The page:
Sunday, February 20, 2011

Two planets found around young stars and unconfirmed signal

Welcome! "Alien Life" tracks the latest discoveries and thoughts in the various elements of the famous Drake Equation. Here's today's news:
g Stars - Astronomers have directly imaged two young stars that reveal host planets may have formed from their disks. The finding will help scientists understand planet formation, an essential step in determining where to search for habitable, Earth-like worlds. See article.
g Abodes - NASA's Stardust spacecraft returned new images of a comet showing a scar resulting from the 2005 Deep Impact mission. The images also showed the comet has a fragile and weak nucleus. See article.
g Life - Scientists have discovered that organisms evolved to use chitin as a structural component of their bodies much earlier than previously thought. The study included astrobiologists, and can help us understand the history and evolution of life on Earth. See article.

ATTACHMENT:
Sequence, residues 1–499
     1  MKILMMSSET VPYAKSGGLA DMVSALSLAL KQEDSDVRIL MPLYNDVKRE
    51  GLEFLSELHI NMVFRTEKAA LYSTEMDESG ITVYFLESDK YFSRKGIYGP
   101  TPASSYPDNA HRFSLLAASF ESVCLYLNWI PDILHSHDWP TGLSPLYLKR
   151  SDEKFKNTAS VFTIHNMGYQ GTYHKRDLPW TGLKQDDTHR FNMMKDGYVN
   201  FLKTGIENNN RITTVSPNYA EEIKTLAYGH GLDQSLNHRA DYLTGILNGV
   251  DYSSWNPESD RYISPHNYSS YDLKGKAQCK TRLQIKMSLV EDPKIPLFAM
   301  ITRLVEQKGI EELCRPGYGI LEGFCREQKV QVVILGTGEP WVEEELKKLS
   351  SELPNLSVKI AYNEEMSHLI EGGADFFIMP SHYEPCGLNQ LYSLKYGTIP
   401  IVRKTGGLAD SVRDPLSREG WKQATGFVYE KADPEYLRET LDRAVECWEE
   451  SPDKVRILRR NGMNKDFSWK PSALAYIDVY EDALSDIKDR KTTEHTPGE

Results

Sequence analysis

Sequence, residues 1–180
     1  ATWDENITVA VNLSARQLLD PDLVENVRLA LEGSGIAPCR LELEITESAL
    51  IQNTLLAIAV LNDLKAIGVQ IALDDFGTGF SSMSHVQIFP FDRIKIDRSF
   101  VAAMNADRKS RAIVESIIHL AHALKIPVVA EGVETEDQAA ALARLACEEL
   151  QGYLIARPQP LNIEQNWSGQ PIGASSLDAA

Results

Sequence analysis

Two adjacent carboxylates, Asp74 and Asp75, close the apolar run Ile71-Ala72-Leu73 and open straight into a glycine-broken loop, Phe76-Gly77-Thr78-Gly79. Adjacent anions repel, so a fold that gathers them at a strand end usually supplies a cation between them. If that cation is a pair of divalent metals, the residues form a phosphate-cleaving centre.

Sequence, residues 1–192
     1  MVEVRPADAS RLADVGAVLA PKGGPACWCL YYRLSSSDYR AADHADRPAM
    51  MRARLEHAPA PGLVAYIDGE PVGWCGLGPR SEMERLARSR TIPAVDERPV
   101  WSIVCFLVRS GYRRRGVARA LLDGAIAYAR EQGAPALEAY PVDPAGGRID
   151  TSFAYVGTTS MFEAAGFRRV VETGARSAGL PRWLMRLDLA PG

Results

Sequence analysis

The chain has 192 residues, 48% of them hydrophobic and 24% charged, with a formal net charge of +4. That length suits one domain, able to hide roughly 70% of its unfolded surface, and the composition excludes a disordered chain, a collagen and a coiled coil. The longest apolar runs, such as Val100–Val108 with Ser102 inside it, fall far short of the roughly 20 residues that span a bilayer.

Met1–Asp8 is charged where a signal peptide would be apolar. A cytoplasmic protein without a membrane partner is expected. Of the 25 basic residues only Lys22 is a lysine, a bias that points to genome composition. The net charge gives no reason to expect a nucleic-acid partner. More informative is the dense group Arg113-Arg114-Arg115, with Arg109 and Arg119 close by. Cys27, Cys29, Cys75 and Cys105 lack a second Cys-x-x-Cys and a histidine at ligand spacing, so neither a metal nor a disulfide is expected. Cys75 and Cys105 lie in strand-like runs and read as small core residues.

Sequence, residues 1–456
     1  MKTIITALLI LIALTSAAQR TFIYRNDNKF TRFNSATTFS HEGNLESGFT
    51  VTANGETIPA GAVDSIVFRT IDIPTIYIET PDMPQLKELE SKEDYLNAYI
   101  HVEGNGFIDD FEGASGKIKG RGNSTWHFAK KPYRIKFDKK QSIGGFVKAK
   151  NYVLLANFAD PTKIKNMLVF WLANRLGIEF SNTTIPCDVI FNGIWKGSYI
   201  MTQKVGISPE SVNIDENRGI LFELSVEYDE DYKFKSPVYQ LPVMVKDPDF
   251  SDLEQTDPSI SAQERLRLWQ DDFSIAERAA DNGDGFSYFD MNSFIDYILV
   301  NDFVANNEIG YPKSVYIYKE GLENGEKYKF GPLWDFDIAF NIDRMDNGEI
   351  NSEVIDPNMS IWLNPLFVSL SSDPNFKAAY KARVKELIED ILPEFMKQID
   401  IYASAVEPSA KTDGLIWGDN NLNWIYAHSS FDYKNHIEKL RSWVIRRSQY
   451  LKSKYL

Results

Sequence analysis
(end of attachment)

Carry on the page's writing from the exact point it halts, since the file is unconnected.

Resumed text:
g Intelligence - Neurons are complicated, but the basic functional concept is that synapses transmit electrical signals to the dendrites and cell body (input), and axons carry signals away (output). In one of many surprise findings, scientists have discovered that axons can operate in reverse: they can send signals to the cell body, too. See article.
g Message - In August 1977, a sky survey conducted with Ohio State University's "Big Ear" radio telescope found what has become known as the “Wow” signal. Registering enormous signal strength, the shape of the signal had the characteristic rise and fall expected for its short 72-second lifetime. But a hitch remains: The signal has not been retrieved from other sky surveys, making it more anomaly than confirmable cosmic source. See article. This article is from 2003.
g Cosmicus - The Sample Analysis at Mars instrument has been carefully installed on NASA's next Mars rover. SAM is part of the Mars Science Laboratory mission, which is scheduled to launch in November of 2011, and will search for organic molecules on the surface of Mars. See article.

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